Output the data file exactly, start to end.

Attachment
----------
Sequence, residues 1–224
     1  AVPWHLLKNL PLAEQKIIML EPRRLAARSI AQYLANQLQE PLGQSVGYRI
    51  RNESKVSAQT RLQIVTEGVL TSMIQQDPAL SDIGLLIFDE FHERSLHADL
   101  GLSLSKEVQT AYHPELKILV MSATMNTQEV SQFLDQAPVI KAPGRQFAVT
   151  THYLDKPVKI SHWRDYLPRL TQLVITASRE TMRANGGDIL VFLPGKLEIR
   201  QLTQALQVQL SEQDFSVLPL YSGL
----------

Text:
Sequence, residues 1–224
     1  AVPWHLLKNL PLAEQKIIML EPRRLAARSI AQYLANQLQE PLGQSVGYRI
    51  RNESKVSAQT RLQIVTEGVL TSMIQQDPAL SDIGLLIFDE FHERSLHADL
   101  GLSLSKEVQT AYHPELKILV MSATMNTQEV SQFLDQAPVI KAPGRQFAVT
   151  THYLDKPVKI SHWRDYLPRL TQLVITASRE TMRANGGDIL VFLPGKLEIR
   201  QLTQALQVQL SEQDFSVLPL YSGL